So the Fed has been the great enabler. The many, many costs to this policy that we’ve had — and we could talk about those — but one of them that is not remarked upon enough is that it has destroyed the government bond market and therefore, undermined the fiscal governance process in this country, because Washington thinks you can kick the can down the road, the debt is more or less free, and we’ll get around to solving the problem. But today, let’s not make any tough choices. That’s where we are.

Chris Martenson:  Absolutely. I see it that way, as well. There’s two things that I think Bernanke was really doing in his policies. One was, as you mentioned, enabling, I believe, a false sense of security on the spending side because after all, if money is free it’s really not a big problem here. Look, our interest costs are dropping. On the other side, I think what he was really doing was helping to recapitalize banks. You give them free money and let them park it back with you and give them a quarter point on it, and I know it’s not a lot, but that was part of it, buying their assets off of them at par or something close to par, not market rates, I’m going to suggest here. That’s helping to recapitalize the banks. So guess what? He helped recapitalize bank balance sheets for the bad decisions they’d made so we got the whole moral hazard story looming there.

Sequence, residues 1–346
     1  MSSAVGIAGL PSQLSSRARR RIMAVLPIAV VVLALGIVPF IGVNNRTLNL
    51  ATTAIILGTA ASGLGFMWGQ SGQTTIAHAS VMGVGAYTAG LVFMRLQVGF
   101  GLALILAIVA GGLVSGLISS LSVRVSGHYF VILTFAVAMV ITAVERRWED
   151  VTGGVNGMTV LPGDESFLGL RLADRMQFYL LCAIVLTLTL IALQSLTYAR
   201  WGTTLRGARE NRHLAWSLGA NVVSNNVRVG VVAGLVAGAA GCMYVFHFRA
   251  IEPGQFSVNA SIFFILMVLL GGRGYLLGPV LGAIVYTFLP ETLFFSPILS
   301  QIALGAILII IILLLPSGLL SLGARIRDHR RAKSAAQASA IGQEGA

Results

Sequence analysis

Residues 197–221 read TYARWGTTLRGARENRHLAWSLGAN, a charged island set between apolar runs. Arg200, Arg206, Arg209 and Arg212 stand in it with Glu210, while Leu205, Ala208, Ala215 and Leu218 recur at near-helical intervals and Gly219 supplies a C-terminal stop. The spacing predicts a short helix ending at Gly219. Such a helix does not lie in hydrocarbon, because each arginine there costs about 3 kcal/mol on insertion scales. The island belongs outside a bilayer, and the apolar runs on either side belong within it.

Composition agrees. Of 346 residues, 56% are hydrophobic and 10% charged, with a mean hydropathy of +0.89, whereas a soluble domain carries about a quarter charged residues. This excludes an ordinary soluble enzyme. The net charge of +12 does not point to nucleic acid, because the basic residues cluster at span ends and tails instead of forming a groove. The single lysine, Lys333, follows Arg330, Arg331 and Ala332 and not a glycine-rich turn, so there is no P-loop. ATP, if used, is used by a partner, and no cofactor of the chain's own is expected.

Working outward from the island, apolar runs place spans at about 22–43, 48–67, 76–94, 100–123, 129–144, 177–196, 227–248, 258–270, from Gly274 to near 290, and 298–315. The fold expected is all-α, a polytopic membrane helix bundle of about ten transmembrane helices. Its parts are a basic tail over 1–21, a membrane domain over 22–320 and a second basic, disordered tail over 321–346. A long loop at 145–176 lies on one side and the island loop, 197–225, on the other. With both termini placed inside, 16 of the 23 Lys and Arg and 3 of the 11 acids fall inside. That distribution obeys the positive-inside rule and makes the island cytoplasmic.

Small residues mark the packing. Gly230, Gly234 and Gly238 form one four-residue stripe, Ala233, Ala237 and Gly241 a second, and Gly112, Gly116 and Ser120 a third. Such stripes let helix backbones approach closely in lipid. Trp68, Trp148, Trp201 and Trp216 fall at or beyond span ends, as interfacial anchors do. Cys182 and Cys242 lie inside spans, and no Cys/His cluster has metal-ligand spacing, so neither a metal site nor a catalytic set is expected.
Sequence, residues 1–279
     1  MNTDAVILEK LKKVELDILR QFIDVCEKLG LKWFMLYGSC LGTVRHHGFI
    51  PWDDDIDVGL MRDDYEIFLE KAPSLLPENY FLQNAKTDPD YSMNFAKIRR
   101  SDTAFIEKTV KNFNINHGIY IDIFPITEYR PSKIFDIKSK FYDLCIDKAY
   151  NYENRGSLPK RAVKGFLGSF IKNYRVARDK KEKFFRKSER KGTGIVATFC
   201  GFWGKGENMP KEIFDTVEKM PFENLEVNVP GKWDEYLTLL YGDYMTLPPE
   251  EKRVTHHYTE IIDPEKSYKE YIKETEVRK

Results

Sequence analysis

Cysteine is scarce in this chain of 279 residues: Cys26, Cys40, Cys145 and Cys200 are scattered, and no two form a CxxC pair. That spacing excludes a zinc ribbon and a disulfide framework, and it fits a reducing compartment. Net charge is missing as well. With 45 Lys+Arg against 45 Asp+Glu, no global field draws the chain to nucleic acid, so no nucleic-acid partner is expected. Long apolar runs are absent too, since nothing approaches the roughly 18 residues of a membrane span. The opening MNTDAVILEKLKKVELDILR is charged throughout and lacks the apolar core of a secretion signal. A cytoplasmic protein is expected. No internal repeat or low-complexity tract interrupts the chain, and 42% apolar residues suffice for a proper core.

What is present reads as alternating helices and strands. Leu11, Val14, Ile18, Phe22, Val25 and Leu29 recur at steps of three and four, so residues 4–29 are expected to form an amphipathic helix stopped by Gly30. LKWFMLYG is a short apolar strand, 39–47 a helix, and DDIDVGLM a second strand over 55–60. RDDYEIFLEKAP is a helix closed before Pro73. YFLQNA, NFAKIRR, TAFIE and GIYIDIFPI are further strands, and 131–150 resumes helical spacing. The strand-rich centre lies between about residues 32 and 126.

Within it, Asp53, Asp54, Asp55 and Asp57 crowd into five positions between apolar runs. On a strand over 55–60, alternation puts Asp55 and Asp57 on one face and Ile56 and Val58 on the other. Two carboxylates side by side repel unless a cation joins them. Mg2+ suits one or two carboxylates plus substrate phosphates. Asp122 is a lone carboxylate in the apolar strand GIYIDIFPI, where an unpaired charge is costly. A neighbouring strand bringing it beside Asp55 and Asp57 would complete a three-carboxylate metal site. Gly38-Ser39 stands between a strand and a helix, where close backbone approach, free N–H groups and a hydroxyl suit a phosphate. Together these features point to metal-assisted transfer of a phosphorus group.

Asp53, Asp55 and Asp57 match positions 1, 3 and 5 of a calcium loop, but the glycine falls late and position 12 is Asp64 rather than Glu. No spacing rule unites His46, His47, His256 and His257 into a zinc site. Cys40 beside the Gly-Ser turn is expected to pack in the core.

On the other side, what he’s done is he’s taken everybody who was prudent, everybody who was a saver, everybody who is on a fixed income or is relying on some sort of an income stream, and forced them to live at negative real rates of return for a number of years, and it looks like he’s set to continue that program. I think there’s social costs here for his actions that go well beyond just the financial world. I think, from where I look, I see real damage happening to what I’m going to call the prudent portions of our society. How do you see it?